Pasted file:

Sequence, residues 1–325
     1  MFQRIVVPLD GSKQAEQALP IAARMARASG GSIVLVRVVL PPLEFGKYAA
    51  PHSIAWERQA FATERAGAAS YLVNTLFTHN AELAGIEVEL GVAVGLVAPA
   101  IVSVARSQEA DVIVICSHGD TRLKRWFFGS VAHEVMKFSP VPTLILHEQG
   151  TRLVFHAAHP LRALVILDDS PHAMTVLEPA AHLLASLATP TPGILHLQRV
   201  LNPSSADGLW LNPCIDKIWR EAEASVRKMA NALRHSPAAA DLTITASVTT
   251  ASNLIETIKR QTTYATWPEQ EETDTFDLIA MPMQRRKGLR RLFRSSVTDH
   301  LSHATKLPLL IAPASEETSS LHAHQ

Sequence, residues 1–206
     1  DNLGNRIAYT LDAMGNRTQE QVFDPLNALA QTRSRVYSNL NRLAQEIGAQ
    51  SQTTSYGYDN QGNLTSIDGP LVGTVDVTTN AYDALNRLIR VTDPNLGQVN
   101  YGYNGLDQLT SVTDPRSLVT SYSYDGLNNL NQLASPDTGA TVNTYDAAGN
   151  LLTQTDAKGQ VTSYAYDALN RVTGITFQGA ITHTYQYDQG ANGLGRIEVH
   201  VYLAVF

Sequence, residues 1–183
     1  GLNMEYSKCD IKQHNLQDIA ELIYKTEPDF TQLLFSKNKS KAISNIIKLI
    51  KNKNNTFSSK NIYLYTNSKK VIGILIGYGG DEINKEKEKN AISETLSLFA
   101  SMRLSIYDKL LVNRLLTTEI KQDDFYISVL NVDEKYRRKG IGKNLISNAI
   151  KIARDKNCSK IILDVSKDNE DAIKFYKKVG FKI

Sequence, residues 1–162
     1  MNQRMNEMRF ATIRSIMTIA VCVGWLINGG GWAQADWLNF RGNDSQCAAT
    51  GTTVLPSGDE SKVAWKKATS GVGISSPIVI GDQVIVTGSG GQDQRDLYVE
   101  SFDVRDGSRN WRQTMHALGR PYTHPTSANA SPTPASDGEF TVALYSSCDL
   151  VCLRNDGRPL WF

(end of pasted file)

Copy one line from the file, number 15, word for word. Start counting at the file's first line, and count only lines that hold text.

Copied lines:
Sequence, residues 1–183